News Corp. strategy sets partnership for TV Guide

Deal centers on ensuring mag's future strength

NEW YORK — Rupert Murdoch’s News Corp. is planning to sell TV Guide into a joint venture between a Tele-Communications Inc. affiliate company and News Corp. itself, sources said Wednesday, in a deal likely to be worth at least $2 billion.

The deal, expected to be announced today, appears to be designed to strengthen the big-selling magazine’s future in a world in which the number of cable channels is proliferating faster than TV Guide can keep up.

While details of the deal were sketchy late Wednesday, News Corp.’s joint-venture partner is believed to be United Video Satellite Group which is controlled by TCI affiliates TCI Ventures and Liberty Media.

UVSG already operates Prevue Guide, a cable channel offering only TV listings, suggesting the joint venture will develop a more advanced cable version of TV Guide. Neither News nor TCI would comment late Wednesday.

The deal also likely bestows financial benefits on News Corp. Murdoch is believed to be hoping the deal fires up News Corp.’s stock price, which has plunged 20% in the past few weeks. News Corp. stock closed up 43¢ to $23.43 Wednesday, compared with a high in April of $29.06.

TV Guide’s circulation and operating profits have been flat for some time, and the magazine’s relevance increasingly questioned, given the difficulty any print publication has in listing every cable channel. News Corp. has tried to deal with the problem by publishing regional cable editions, but sources said Wednesday a joint venture with a cabler would strengthen News Corp.’s hand.

TCI and News Corp. have tried unsuccessfully in the past to develop an electronic version of TV Guide, however, and it’s unclear how the joint venture would overcome past problems.

Pecuniary rewards

An important bonus for News Corp. in the deal will be financial benefits from the sale, such as the transfer of debt off the company’s balance sheet to that of the joint venture, Wall Streeters said.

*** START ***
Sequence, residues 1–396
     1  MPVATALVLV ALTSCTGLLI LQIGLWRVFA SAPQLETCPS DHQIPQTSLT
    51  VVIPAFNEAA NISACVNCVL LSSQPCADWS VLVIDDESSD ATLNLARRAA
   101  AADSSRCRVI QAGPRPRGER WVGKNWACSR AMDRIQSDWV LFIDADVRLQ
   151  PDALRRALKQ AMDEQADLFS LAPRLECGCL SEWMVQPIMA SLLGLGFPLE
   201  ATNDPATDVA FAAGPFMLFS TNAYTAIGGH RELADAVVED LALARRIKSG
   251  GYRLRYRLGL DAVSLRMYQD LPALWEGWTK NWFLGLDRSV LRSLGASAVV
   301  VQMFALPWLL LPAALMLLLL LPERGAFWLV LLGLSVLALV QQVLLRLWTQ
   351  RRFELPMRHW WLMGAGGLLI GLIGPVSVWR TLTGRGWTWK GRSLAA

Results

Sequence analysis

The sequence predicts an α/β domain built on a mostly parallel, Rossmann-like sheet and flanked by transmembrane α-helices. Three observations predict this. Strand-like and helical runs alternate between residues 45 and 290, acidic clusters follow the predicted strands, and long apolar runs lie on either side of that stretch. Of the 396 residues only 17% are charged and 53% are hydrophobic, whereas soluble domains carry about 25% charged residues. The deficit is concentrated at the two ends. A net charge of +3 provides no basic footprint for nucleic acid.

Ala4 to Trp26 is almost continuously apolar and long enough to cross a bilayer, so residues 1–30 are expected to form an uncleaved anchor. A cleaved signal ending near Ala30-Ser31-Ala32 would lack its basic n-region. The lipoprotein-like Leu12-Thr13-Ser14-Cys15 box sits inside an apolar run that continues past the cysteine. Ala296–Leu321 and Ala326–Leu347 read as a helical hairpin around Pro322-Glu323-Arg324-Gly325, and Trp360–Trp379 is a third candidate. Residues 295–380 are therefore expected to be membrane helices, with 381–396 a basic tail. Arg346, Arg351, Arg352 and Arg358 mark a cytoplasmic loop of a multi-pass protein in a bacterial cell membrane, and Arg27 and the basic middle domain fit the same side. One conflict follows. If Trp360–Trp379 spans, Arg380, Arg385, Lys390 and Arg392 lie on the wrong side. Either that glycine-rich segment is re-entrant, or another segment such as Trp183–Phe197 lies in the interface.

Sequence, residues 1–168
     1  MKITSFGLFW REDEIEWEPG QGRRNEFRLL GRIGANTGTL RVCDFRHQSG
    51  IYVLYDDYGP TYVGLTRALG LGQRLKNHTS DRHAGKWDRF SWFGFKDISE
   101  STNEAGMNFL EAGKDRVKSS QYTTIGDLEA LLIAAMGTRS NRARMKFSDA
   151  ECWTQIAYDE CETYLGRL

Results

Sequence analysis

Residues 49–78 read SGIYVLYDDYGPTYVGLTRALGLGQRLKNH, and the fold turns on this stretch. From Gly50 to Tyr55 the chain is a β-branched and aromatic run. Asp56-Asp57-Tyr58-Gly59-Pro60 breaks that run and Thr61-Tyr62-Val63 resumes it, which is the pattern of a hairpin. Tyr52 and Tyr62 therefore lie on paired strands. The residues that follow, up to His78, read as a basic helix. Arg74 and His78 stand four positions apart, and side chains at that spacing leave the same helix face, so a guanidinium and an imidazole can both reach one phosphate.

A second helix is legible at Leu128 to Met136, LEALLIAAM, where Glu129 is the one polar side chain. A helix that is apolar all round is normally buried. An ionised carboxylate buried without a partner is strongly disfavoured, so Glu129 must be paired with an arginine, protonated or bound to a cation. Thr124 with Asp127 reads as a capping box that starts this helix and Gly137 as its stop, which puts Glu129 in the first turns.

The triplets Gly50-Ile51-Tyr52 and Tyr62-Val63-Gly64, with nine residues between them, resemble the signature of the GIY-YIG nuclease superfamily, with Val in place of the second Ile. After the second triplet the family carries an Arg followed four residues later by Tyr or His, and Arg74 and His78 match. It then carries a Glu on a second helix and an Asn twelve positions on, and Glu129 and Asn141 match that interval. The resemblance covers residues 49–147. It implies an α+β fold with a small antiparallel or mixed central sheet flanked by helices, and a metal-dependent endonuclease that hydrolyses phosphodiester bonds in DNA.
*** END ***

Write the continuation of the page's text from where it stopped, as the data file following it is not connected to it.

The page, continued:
The magazine is not the most popular business with News Corp.’s investors, who have been pushing Murdoch for some time to sell TV Guide, analysts said Wednesday.

“It’s clearly not the sexy part of the story for News Corp.,” said Cowen & Co. analyst Gary Farber, noting that the magazine “is not a high-growth asset.”

News Corp. acquired TV Guide, along with the Daily Racing Form and Seventeen magazine, from Walter Annenberg for an astonishing $3 billion in 1988, a price Murdoch conceded later was too high. TV Guide made up the bulk of the value of the deal, and today is worth about $2 billion, analysts say, based on its annual operating profits of about $200 million — roughly what it earned when Murdoch bought it.

Stock market swing?

Analysts said Wednesday the stock market’s reaction to the joint venture would depend on the details, particularly what benefits News Corp. got from the deal.

Word of a pending News Corp. announcement leaked out on Wall Street Wednesday just as news broke that a group of mystery investors had dumped a big block of News Corp. preferred stock in a trade done through Wall Street firm Goldman Sachs for $360 million.

Goldman sold 18 million American Depository Receipts of preferred stock at $20 each, just below the preferred stock market price, but 20% below where the preferred was trading just six weeks ago. News Corp. declined comment on the stock trade.

Why stock low?

“Why would somebody sell here?” questioned Jessica Reif Cohen, an analyst with Merrill Lynch who believes that “there is no logical reason based on anything I know for the stock to be as low as it is.”

Just as puzzling is the identity of the seller, as very few shareholders owned such a big parcel of preferred stock, various sources said. A spokesman for Ron Perelman denied late Wednesday the mogul was the seller, noting Perelman had quietly sold his last piece of News Corp. preferred earlier this year.

Only the Murdoch family and a couple of big institutional investors like Capital Research have enough stock, and neither Capital nor the Murdochs were thought to be the sellers. Sources said Goldman may have put together stock from several sellers.

They could include some of the institutions that owned stock in Heritage Media Corp., acquired by News Corp. last year for preferred stock.

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